9. The artist editions aren't published by DC, so it's easier to get listed in the "Thank You" credits and much easier to get a comp copy for the work and expense. DC now has a policy that they don't credit anyone who supplies art scans, so I guess they are just depending on the goodwill of collectors.
  10. The Tony Salmons original art for basic character pages of Dakota North - without her on them - have sold for upwards of $500 each. That art is not considered bad at all and it’s in very high demand because the series is now a cult classic and there’s a rabid fan base for her original series (thankfully, I’m not part of that group). I’ve been shocked at how little comic art Salmons drew and it wasn’t like he drew long runs of anything like Miller drawing Daredevil or Simonson on Thor, but Salmon pages sell really high.
  11. I provided around 20 scans to DC for the Doom Patrol Bronze Age Omnibus, including the cover to #1 which cost me nearly $100 to have scanned, and the editor promised me that I'd get my name in the book and a copy of the book, plus $100 and reimbursement for my scans -- and I never received a thing. I did write to DC later and told the editor about the promises and another editor answered the email and said the guy who'd made the promises didn't work there anymore. He did end up sending me a comp copy of the book. They also were going to use a Frank Miller Dark Knight piece of art that I have f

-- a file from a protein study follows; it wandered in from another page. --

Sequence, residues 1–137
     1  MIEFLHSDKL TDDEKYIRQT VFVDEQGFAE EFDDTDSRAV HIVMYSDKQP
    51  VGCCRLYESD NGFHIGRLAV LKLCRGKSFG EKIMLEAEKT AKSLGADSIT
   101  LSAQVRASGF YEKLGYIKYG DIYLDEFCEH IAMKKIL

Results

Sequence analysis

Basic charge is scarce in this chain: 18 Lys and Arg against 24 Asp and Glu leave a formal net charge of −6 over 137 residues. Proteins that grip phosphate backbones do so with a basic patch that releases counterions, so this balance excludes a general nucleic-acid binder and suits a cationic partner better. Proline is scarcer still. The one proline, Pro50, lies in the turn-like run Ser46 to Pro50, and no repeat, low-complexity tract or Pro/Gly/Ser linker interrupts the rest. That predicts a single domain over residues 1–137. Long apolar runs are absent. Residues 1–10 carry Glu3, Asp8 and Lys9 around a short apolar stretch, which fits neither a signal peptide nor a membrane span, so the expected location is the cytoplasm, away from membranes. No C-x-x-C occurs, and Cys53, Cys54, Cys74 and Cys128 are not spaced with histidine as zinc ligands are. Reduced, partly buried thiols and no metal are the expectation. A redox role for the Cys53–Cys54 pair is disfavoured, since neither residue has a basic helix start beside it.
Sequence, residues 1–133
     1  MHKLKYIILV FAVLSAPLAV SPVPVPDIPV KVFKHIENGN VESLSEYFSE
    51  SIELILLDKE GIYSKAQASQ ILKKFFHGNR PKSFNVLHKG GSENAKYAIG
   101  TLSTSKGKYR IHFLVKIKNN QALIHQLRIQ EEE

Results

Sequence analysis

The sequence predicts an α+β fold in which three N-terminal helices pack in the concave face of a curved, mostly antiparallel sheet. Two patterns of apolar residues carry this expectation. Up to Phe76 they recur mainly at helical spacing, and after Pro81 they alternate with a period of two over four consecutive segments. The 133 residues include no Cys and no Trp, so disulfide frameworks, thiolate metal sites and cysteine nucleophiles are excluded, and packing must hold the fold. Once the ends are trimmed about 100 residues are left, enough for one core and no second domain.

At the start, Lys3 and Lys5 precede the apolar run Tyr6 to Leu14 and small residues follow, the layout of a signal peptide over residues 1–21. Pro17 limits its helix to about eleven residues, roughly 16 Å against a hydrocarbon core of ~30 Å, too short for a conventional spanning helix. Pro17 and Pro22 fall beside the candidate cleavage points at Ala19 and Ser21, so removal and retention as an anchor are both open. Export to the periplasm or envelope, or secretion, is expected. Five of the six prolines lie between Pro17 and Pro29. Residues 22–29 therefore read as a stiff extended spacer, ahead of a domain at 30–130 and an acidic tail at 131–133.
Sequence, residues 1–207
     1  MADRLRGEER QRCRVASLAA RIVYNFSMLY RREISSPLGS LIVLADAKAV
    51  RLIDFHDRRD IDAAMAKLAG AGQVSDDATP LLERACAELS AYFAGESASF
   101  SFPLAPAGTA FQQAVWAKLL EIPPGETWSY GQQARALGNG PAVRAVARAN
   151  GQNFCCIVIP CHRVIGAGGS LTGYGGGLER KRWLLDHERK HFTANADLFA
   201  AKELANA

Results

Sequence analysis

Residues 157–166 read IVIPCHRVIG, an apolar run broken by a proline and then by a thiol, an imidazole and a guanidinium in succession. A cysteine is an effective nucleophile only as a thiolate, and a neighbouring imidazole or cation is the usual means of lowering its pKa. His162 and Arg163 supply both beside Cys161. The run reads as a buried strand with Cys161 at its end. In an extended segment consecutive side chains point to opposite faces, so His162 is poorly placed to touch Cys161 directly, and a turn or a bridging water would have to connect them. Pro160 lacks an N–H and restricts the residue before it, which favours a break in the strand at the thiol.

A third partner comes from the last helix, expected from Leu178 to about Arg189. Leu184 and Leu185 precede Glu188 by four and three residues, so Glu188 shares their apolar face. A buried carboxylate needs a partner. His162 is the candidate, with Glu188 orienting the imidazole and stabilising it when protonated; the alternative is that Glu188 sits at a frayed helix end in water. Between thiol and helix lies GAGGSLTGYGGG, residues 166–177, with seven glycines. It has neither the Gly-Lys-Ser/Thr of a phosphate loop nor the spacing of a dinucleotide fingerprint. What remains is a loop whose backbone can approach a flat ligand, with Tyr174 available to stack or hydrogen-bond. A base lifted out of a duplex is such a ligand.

12. I have the only page from Slimer - and it’s from #1 - that I’ve ever found and I just got it recently. Art by Jorge Pacheco.
  13. As popular as Ghostbusters is and the growing interest in the comic, what is surprising to me is how little of the original art from the comic series there is to be found. There are a lot of cels and a few pages of original art that I know one collector has, and a couple of the painted covers from Real Ghostbusters and Slimer, but the art from this series and Slimer is either hidden away in a black hole collection or still with the artists. And, I rarely ever find The Real Ghostbusters issues in the wild. In all my years of buying comics, I think I've run upon one copy in a comic shop and
  14. I have never understood why the Xizor first comic appearance doesn't go for more, but all these speculation characters are selling high.
  15. Do you know for a fact that they pay Zahn a royalty fee? If so, please give us some links to where this information is. Here are the facts of the matter: They do not have to pay any licensing fee to anyone to use their own characters, though. They own their characters completely. They may pay him a royalty for any additional books they sell that he wrote, but I can almost guarantee they don’t have to ask his permission. All of those stories were written as work-for-hire like everything Lucasfilm and Disney do.